Bill C-232: Should Bilingualism be Required at the SCC?

On Monday, March 23rd, the House of Commons debated Bill C-232, an NDP impetus to require that Supreme Court justices have knowledge of English and French. The bill, tabled by New Democrat Official Languages Critic Yvon Godin, proposes that section 5 of the Supreme Court Act ( R.S., 1985, c. S-26 ) be amended to add that “any person referred to in subsection (1) may be appointed a judge who understands French and English without the assistance of an interpreter.”

In an emailed press release sent to, Mr. Godin is quoted as predicting that the bill will be passed. He explained that the bill “has received unprecedented support from a wide range of Anglophones and Francophones, because they understand that it could be detrimental for a Supreme Court justice to be unilingual.” The press release went on to clarify that rather than being drafted in one language and translated to the other, Canadian statutes are drafted independently in English and French. This means that in order to understand the subtleties of the law, justices must understand both languages.

Mr. Godin also said that “the interpretation of the law must never depend on simultaneous interpretation, although I have the utmost respect for the work of interpreters. The parties’ right to a fair trial is at stake. Simultaneous interpretation and translation are not sufficient for judges since the resulting meaning is often different from the original … [f]or years the government has refused to make language skills a criterion for the appointment of Supreme Court justices. The government is out of touch with people and their needs and this must be corrected. New Democrats insists that all parties must be able to be heard in conditions that do not put them at a disadvantage in relation to their adversary.” Mr. Godin concluded by encouraging all MPs and the public to support his bill.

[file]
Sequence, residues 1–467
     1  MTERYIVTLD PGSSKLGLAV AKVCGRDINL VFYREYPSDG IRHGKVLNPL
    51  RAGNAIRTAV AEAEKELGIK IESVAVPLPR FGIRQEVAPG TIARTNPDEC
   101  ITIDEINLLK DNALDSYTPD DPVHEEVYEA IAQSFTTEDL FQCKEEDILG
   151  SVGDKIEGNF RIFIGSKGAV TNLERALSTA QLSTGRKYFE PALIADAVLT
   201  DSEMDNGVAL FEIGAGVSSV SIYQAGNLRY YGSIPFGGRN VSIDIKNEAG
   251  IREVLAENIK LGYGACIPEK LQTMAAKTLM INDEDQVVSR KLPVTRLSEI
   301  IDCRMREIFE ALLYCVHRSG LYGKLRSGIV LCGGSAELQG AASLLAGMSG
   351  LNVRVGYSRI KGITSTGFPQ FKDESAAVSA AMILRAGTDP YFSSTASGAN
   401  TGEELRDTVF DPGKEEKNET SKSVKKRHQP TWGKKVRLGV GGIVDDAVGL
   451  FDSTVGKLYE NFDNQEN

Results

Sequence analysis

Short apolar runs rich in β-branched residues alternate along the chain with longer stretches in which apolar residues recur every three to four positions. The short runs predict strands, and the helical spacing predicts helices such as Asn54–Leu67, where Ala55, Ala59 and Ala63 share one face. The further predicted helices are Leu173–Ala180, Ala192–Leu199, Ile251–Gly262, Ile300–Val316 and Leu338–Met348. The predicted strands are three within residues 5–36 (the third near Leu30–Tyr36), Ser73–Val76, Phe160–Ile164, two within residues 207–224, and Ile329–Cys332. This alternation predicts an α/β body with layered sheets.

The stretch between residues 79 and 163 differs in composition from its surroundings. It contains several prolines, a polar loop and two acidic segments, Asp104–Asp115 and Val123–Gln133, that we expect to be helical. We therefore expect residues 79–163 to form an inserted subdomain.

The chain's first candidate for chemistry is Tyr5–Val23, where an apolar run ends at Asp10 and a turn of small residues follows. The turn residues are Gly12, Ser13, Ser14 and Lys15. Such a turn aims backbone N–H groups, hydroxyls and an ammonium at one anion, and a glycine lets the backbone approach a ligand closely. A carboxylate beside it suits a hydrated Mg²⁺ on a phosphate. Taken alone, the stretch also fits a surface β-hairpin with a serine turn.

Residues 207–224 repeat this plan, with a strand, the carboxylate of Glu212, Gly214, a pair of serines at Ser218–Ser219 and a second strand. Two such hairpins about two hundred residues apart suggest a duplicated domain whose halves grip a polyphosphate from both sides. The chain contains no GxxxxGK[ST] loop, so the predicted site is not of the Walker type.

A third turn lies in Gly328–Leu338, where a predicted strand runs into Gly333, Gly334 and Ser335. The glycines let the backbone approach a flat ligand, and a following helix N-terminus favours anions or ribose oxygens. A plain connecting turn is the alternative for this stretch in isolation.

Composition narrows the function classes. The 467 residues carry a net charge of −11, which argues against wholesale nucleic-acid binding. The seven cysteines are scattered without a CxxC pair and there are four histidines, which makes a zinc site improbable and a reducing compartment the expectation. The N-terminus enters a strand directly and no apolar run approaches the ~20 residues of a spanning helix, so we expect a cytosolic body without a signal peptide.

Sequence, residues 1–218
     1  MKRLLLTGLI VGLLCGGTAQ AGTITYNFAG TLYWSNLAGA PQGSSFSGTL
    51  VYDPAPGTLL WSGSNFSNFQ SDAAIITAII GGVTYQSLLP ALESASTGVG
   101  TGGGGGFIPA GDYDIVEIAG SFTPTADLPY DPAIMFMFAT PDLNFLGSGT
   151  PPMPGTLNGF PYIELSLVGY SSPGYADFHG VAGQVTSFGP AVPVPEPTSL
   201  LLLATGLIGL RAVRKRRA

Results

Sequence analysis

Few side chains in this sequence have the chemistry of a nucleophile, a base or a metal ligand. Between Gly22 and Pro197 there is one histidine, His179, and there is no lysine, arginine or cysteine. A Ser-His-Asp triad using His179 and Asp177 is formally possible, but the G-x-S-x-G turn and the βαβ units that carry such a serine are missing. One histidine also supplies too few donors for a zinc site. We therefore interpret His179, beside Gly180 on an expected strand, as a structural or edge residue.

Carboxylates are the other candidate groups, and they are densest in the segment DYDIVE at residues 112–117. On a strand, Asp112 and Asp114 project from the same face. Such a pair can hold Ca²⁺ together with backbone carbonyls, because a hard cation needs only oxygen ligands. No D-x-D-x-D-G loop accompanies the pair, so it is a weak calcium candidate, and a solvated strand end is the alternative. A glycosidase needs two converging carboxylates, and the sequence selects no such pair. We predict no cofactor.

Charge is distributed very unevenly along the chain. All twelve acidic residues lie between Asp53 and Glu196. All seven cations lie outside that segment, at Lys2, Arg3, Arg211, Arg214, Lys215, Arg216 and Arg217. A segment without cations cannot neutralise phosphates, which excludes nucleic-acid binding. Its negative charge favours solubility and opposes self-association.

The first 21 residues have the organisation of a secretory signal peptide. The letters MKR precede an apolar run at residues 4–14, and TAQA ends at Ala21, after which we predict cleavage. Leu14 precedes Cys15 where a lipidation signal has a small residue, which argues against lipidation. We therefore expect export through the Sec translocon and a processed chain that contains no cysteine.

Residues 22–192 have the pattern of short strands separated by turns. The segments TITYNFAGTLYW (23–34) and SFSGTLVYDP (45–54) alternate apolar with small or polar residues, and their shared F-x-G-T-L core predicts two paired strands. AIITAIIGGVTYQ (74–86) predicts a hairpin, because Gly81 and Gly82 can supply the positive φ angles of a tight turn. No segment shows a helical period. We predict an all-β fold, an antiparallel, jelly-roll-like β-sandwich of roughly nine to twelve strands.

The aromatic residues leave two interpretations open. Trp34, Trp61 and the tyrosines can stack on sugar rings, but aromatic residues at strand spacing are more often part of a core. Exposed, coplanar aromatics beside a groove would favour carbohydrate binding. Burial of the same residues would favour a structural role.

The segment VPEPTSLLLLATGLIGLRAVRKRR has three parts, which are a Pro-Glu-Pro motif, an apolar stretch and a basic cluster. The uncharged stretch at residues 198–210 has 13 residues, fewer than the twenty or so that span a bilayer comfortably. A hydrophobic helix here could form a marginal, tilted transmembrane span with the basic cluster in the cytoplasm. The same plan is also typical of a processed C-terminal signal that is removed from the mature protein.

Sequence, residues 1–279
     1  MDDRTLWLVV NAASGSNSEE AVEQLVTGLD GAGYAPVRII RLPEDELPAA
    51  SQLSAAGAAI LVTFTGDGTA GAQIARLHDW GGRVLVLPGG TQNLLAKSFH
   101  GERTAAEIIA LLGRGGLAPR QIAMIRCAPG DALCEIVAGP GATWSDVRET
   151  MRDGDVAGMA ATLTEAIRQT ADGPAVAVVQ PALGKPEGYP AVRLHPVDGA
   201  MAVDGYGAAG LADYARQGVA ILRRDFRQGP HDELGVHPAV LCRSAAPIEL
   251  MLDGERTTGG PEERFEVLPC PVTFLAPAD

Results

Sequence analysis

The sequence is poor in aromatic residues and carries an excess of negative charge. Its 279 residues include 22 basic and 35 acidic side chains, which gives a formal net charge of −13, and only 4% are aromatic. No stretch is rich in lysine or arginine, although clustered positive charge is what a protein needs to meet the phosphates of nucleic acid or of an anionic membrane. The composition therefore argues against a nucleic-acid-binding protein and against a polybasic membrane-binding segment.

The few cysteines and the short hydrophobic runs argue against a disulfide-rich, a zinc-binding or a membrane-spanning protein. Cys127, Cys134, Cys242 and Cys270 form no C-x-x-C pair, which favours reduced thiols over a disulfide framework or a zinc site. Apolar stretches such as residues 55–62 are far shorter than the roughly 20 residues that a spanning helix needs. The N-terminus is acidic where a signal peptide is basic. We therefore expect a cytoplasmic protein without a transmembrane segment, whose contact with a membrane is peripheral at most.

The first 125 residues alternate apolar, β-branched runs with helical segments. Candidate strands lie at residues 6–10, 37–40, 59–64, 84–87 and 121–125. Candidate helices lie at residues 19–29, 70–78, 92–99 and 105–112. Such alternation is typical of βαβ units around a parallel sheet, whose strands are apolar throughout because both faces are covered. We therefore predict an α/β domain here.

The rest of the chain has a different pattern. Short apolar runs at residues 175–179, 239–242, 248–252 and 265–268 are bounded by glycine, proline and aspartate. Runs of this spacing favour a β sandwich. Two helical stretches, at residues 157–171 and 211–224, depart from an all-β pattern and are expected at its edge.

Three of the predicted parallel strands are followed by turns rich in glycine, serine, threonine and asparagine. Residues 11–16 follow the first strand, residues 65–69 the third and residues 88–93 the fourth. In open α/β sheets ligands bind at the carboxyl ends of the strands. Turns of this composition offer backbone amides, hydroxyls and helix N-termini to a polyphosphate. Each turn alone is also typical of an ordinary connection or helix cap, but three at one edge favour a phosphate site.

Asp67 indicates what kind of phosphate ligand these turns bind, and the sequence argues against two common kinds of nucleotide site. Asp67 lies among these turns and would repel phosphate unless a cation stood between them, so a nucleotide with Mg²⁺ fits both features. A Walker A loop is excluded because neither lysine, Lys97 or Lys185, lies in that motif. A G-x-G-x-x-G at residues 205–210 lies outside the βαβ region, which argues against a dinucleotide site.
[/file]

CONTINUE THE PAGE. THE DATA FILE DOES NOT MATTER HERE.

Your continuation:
Mr. Godin expressed these views during last Monday’s House of Commons debate over Bill C-232, placing particular emphasis on the potential injustices that could occur simply because one was not properly understood during their trial. But while several members commended the tabling of Bill C-232, some members voiced their disagreement with the proposed bill. Conservative Party member Steven Blaney (Levis-Bellechasse) noted that the appointment process already recognizes Canadian diversity; the Supreme Court Act requires that at least three of the SCC’s judges must be from Quebec, effectively recognizing Quebec’s civil law tradition, and the SCC selections are based on the recognition of legal pluralism and regional diversity. Also, due to the availability of legal proceedings in both official languages and the fact that our national institutions are bilingual without requiring every individual to be bilingual, the Supreme Court is a “model of institutional bilingualism” (1120).

Conservative Mike Allen (Tobique-Mactaquac) echoed Mr. Blaney’s argument that the Supreme Court already demonstrates bilingualism by providing all its services in both languages and allowing parties to use either language in written and oral proceedings. He added that all but one of the current SCC judges are able to hear cases in either official language without the aid of an interpreter; as well, high-quality interpretation and translation services are available during the court’s hearings, and ongoing language training is available to the members of the court. Like Mr. Blaney, Mr. Allen also noted that the Act requires at least three SCC judges from Quebec, honouring the country’s bi-juridical nature, and that the court must demonstrate a broader legal pluralism by ensuring that its judges are drawn from all regions of Canada.

These Conservative critiques did indicate the importance of maintaining competence in both official languages, but de-emphasized the primacy placed upon bilingualism to the perceived detriment of pluralism. Whether this opposition will be strong enough to defeat the bill is a matter that will be watched closely by in the coming weeks. Given that 2009 is the 40th anniversary of the Official Languages Act, the renewal of this debate could not have come at a better time.

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